Case Studies

The Meat Industry in New Zealand

Whitaker, D. & Cammell, S. (1990). A partitioned cutting-stock problem applied in the meat industry. Journal of the Operational Research Society, 41(9), 801-807.

When we consume meat products, we rarely think of the complex problems faced by those engaged in meat production. The meat industry is expected to provide consumers with a wide array of products, while still maintaining profitability. The task of cutting animal carcasses for human consumption and deciding on the amounts of each product to supply to different markets has become a complex linear programming problem. In the meat industry, the objective is to maximize the return on the sale of the end products for which there is the least demand.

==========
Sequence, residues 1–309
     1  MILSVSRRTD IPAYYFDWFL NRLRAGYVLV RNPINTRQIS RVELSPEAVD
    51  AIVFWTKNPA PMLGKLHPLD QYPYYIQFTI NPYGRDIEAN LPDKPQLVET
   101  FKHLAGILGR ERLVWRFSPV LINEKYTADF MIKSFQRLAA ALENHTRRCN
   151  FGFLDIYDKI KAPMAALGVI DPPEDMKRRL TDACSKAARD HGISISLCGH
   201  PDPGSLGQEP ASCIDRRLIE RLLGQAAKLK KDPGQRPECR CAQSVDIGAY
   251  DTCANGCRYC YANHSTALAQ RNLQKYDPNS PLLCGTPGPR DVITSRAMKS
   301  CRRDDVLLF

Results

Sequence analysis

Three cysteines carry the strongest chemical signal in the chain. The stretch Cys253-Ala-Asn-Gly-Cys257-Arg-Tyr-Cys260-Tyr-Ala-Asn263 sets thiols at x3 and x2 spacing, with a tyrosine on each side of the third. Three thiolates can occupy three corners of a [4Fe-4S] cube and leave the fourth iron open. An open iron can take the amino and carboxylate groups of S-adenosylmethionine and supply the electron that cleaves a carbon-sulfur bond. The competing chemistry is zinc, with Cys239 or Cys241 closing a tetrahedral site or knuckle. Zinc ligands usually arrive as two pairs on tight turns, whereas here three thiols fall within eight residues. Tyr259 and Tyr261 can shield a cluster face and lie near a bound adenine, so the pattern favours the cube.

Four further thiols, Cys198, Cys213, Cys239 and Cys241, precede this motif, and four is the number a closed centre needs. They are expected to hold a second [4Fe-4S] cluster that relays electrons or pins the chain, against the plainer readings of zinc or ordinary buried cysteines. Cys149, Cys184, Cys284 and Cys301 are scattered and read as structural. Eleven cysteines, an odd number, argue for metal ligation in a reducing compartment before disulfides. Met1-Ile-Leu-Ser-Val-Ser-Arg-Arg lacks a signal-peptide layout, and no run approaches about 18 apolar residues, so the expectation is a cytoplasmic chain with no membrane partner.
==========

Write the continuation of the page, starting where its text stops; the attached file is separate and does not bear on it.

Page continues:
The components involved in such a meat industry problem include patterns used to partition the carcasses, cutting time, and demand. Secondary considerations include carcass availability, grade, weight, and cost, as well as distribution, packaging, and exchange rates.

A realistic problem in partitioning lamb carcasses for sale produces 11 grades, two cutting methods, 500 product demands, and about 1000 cutting patterns. Such a problem involves a very large number of both decision variables and constraints. The Meat Industry Research Board of New Zealand has developed an IBM linear programming solver which uses a DOS database and a "C" program to solve these problems and check the solutions. This system is expected to increase marketability of the available end products and thus increase profits.

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